I haven’t the Denis film but I have heard it’s a comedy. I never thought Claire Denis would make a comedy. And 10 years ago I don’t think anyone for one second would have thought Bruno Dumont would make anything related to a comedy. But I’m not sure why there’s been a turn. Those kind of directors can be very extreme, with serious, somber subjects, or tales of redemption, like in Life of Jesus or Humanité. It can be a joke, but it plays into what I was saying before: these filmmakers go to festivals, and those are the types of films that are bought and that you see at the major festivals. You know, the two-and-half-hour, serious [films]… by Haneke, Ulrich Seidl, Carlos Reygadas, or whoever. Maybe Dumont and Denis wanted to bring a little more life to these festivals. Again, I haven’t seen the Denis, but perhaps there is something to the turn. I read an interview recently with Olivier Assayas where he referred to Clouds of Sils Maria as a comedy [laughs], and said that his next film will be even more on the comical side. So we’ll see.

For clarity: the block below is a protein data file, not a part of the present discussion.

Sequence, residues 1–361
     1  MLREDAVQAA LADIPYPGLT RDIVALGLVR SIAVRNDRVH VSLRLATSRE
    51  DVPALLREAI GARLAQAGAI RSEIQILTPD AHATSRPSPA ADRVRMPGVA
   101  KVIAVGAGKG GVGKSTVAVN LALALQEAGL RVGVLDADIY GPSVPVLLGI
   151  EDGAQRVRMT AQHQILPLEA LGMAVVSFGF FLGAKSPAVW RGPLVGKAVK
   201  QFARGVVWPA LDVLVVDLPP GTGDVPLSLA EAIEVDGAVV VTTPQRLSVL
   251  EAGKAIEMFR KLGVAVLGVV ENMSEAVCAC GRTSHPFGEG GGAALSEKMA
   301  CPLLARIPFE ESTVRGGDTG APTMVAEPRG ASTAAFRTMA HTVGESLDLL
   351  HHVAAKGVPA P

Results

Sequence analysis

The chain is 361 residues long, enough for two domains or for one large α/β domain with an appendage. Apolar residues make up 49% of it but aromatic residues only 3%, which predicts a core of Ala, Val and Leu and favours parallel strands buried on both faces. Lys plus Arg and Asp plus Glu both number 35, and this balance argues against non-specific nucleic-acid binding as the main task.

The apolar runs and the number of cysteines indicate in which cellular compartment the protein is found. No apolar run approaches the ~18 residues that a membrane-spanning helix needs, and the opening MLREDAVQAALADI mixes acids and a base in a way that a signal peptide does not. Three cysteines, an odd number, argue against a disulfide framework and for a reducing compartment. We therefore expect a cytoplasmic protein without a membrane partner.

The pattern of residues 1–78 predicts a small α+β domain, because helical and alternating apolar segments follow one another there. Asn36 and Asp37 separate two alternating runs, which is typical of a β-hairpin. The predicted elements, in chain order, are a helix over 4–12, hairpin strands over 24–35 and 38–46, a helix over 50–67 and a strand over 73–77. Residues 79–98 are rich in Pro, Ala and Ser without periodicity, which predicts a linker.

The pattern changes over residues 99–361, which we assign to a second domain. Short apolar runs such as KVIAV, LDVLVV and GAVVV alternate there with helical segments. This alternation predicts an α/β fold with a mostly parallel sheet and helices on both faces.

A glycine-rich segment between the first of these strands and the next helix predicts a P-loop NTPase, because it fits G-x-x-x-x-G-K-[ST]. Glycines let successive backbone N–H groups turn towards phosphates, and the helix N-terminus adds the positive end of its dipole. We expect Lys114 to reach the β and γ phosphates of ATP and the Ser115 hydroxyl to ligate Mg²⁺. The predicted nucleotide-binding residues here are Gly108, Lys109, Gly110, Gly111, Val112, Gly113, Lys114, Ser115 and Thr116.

Can you talk about your appreciation for comedy as a genre at different points in your life—growing up, as a critic, and now as a filmmaker—and how it might have changed over time?
That’s a huge question. I do of course watch a lot of recent movies, but I think my taste by now is a little fixed, like the history of cinema is fixed. Except perhaps if you’re crazy, no one would dare to say that American movies of the last ten years are better than those from the ’40s or ’50s. For me, those movies are immortal—there were masterpieces coming one after the other. Now there are perhaps two or three good American movies per year. And I don’t mean that to sound disparaging. I think most people would agree there aren’t many good American films nowadays, especially from the studios.